Inflation, inflation, inflation. Housing is on fire! Used and new car prices are astronomical. Buyers are lining up to pay well over asking price for homes that have skyrocketed in value over just a few years ago and dealers are… buying back the cars they’ve sold just to stock the lot?
No, this isn’t the twilight zone, this is the world we are currently living in. Despite the fact that things are more expensive, there is some good news in all of this: many of us are sitting on appreciated assets that haven’t just risen in value, but are in high demand.
I know many clients, friends, and (dare I say) myself have caught ourselves toying around with the question of selling these appreciated assets in order to take advantage of this market—even if they were not necessarily pieces of property or vehicles that were purchased with immediate resale in mind.
When is it a good idea to sell something of personal value to you for the sole purpose of “making money” off of it?
From a dollars and cents perspective, it would seem like it’s always a good idea if there is enough potential upside. Bought your house for $2 million in 2019, but comparable homes in your neighborhood are going for $3.5 million now? Perhaps you sell it and upgrade, or perhaps you sell it, reinvest the money somewhere else, and wait to buy again when the market cools.
This is happening a lot right now. As many of you know, my wife and I purchased a second home in Naples, Florida. As of late, we have seen lots of people downsizing to pocket profit while some are simply buying and selling left and right. It’s like these people can’t sit still. Some are trading up to live in larger homes while others are simply trying to cash in on this inflated market.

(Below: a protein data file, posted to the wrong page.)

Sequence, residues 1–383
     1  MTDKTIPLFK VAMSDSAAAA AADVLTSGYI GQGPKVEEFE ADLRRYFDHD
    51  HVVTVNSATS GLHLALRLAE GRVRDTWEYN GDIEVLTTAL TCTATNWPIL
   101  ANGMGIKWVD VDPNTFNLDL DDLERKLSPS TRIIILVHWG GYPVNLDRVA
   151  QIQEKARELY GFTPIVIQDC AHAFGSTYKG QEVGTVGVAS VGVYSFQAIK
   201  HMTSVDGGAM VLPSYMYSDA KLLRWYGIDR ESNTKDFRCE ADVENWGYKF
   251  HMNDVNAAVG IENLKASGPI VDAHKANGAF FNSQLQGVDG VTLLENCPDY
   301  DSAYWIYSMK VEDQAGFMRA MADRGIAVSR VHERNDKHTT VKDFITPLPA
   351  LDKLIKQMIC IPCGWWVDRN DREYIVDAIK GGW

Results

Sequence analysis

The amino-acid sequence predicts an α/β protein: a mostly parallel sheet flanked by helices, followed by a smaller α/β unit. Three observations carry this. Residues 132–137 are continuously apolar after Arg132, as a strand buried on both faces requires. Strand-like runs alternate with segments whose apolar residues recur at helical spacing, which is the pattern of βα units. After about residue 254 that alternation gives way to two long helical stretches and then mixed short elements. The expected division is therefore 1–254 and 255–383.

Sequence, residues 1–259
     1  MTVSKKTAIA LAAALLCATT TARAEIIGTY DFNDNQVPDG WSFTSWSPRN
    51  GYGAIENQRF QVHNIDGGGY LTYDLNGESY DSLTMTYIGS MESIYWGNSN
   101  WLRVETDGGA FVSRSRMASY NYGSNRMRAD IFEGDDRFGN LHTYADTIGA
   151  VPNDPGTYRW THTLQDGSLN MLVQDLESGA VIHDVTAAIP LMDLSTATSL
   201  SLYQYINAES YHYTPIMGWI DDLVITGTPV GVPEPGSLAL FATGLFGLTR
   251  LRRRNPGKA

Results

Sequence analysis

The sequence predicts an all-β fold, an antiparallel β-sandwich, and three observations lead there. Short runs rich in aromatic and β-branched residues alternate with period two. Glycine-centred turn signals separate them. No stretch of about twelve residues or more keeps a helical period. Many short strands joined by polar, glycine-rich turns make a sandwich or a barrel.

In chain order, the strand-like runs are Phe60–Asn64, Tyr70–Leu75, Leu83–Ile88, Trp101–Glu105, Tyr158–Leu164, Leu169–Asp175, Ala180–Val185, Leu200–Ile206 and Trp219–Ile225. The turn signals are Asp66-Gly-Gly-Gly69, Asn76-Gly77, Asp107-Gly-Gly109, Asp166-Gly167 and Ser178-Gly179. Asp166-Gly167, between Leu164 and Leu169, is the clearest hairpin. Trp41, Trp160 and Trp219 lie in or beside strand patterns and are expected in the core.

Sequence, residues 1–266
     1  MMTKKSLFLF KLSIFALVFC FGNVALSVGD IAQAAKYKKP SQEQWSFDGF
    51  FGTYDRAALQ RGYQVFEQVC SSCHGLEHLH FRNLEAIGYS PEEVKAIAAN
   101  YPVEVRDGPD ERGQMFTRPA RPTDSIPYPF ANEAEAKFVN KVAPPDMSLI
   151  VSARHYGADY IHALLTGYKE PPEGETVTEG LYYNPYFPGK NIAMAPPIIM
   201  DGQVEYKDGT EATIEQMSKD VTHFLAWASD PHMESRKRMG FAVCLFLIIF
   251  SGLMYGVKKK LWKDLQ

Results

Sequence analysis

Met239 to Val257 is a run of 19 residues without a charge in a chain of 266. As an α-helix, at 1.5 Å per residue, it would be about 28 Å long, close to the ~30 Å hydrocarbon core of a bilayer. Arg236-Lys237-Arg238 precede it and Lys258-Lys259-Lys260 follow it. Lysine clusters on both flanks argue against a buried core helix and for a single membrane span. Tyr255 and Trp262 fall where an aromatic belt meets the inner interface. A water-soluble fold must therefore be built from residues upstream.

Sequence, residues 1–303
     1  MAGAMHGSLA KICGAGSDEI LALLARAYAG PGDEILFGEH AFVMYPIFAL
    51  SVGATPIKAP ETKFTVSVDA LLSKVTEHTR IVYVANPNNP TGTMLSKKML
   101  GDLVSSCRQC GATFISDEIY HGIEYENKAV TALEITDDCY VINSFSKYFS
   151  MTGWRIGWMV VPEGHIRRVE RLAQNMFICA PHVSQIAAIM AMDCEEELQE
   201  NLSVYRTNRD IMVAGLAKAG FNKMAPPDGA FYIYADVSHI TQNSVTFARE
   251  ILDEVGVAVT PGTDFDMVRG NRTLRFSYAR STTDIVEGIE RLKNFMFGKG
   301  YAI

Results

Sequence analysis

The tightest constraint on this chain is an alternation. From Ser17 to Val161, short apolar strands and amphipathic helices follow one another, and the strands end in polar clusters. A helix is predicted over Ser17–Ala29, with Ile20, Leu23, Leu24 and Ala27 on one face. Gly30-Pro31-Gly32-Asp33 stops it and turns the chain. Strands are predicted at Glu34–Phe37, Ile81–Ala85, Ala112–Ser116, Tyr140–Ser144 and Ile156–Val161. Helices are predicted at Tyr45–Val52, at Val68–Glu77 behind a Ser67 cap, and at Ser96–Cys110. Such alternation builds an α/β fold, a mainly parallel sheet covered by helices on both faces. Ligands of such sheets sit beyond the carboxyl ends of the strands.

All of this action has me thinking, when does it make sense to cash in and when does it make sense to stay put? What is the cost or the benefit?
As I mentioned above, the dollars and cents line up right now. These people who are selling are making money. I mean, we can see what properties are bought and sold for anytime we want by swiping through a few realtors’ pages.
But what about the guy who purchased a vacation home, but doesn’t necessarily need it. At what dollar value does selling an appreciated asset make sense?
In other words, “What is the price of happiness?”
At what point does the ‘number stood to gain’ outweigh the happiness accrued from the asset? How much would you sell your happiness for?
And what would you stand to gain in its place?
These are really the questions that have to be answered for anyone considering off-loading an appreciated asset like a vacation home or spare vehicle in this market.
The transaction will cost you something—and I don’t mean money.
Yes, you have to pay a realtor to list and sell your home, but this is not what I’m talking about at all. The transaction—the sale of the home or boat or vehicle—will result in a loss of some sort. Obviously, this is the loss of the asset. But it’s also the accrued experiences those assets afford you.
What you have to do then is determine what the asset means to you beyond its financial value. In other words, how much money would you have to make on the sale of your vacation home to justify giving up the experience of using it? The experience of waking up and smelling the crisp ocean air six months out of the year? Of having a place your college age kids and their friends could come visit on Spring Break? Of this milestone achievement you reached as a result of your hard work?